Exchange-traded funds (ETFs) give investors access to niche markets like commodities and international bets that would otherwise be difficult to access, whilst mutual funds offer diversification across numerous asset classes. With no overlap, a person with a $100,000 portfolio can distribute their investment among ETFs.

Benefits and Drawbacks of Diversification

lowered risk and a cushion for volatility Diversification have several benefits. There are disadvantages, though. A portfolio can be more time-consuming to manage and more expensive as it becomes more expensive to buy and sell a variety of holdings due to higher transaction costs and brokerage commissions. Fundamentally, diversification lowers both the risk and the profit by using a spreading-out method.

Let’s imagine that you split your $120,000 among six equities, and one of them doubles in value. Your initial stake of $20,000 is now worth $40,000 in total. Sure, you’ve made a lot, but not as much as if you’d put your entire $120,000 into that one business. Diversification restricts your upward potential while safeguarding your downside—at least temporarily. Diversified portfolios do typically produce superior returns over the long term (see example below).

Benefits:

  1. Lowers portfolio risk.
  2. Protects against market volatility.
  3. Provides higher returns. long-term.

Drawbacks

  1. Short-term returns are limited.
  2. Management is time-consuming.
  3. More transaction costs and commissions.

Broadening and Smart Beta

By following underlying indices, smart beta strategies provide diversity but may not always weigh equities according to their market capitalization. ETF managers also conduct a fundamental screening of equity issues and rebalance portfolios based on objective analysis rather than merely company size. Although smart beta portfolios are unmanaged, outperformance of the index itself becomes their main objective.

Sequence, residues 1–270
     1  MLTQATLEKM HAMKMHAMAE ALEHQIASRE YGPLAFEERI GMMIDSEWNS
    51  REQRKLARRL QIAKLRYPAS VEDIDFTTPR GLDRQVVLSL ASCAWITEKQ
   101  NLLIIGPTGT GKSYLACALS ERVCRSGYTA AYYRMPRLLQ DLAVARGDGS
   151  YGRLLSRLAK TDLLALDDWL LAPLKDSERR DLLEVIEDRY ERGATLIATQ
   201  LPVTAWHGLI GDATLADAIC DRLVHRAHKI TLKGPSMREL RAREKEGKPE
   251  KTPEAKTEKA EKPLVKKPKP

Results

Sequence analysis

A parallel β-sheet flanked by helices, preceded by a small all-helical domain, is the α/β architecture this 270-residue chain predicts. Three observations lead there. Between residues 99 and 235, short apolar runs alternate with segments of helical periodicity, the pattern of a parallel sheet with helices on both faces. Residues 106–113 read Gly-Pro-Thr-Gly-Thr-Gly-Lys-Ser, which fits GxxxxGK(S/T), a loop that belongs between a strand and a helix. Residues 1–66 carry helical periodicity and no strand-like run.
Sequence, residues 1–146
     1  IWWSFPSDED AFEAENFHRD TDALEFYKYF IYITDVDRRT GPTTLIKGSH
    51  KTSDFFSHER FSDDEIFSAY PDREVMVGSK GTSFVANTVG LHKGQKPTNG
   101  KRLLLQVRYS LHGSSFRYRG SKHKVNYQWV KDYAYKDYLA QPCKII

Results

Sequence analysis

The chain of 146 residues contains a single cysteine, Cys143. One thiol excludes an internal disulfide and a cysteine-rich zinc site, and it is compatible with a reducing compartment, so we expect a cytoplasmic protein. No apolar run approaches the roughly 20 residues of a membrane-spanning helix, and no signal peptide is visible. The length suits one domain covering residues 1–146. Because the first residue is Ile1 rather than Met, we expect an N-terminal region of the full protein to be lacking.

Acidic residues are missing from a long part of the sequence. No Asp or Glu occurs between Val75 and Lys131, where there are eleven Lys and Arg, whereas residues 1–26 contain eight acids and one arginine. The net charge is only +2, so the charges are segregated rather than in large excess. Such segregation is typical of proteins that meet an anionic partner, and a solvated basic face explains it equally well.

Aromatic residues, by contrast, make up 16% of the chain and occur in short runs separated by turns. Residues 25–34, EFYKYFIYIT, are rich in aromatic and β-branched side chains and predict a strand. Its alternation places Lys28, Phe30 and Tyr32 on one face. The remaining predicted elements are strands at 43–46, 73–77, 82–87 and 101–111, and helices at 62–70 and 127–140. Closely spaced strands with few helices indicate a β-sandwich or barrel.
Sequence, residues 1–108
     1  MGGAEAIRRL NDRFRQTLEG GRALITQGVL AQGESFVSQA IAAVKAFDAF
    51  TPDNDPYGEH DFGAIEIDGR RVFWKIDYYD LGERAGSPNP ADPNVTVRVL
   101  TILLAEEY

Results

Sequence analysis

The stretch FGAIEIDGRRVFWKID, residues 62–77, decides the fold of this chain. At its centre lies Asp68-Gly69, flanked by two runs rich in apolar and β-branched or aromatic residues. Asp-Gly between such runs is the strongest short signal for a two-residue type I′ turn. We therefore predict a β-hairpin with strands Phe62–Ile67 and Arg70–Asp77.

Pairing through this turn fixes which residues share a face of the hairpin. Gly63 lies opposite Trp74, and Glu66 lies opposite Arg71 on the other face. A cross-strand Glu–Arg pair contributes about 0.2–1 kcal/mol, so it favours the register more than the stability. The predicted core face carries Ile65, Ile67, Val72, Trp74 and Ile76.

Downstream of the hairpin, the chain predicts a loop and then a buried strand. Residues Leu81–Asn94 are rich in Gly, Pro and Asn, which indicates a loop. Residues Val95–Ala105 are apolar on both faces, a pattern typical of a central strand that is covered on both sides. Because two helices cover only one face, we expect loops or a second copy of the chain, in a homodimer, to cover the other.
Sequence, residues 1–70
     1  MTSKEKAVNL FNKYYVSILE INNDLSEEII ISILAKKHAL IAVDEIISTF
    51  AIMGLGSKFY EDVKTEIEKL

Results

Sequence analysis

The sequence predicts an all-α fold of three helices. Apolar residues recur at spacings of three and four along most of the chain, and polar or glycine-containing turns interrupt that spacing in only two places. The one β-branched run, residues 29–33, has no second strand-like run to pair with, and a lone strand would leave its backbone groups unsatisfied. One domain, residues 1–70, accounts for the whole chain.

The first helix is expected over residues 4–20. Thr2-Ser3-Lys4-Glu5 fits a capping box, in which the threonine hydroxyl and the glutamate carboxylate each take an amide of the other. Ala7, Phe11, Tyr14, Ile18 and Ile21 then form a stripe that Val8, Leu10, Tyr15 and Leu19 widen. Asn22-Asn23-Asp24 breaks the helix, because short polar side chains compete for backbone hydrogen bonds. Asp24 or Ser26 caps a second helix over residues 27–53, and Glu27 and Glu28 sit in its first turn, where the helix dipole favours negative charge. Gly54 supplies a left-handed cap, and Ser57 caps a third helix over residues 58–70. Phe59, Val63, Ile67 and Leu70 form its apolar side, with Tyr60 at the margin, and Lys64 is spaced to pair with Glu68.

The iShares Edge MSCI USA Quality Factor ETF, for instance, contains 125 large- and mid-cap U.S. companies as of March 2019. The ETF has produced a cumulative return of 90.49 percent since its debut in July 2013 by focusing on return on equity (ROE), debt-to-equity (D/E) ratio, and not only market cap. An investment of a similar size in the S&P 500 Index increased by 66.33 percent.

Real-world Case Study

Imagine that a risk-tolerant, aggressive investor wants to build a portfolio that includes cotton futures, Australian bonds, and Japanese shares. He may decide to invest in securities such as the iShares MSCI Japan ETF, the Vanguard Australian Government Bond Index ETF, and the iPath Bloomberg Cotton Subindex Total Return ETN, for instance.

Due to the unique characteristics of the targeted asset classes and the transparency of the holdings, the investor can guarantee real diversification in their holdings with this combination of ETF shares. Additionally, they can modestly reduce their risk exposure because of the varying correlations, or responses to outside forces, among the securities. (See “The Importance Of Diversification” for supplementary reading.)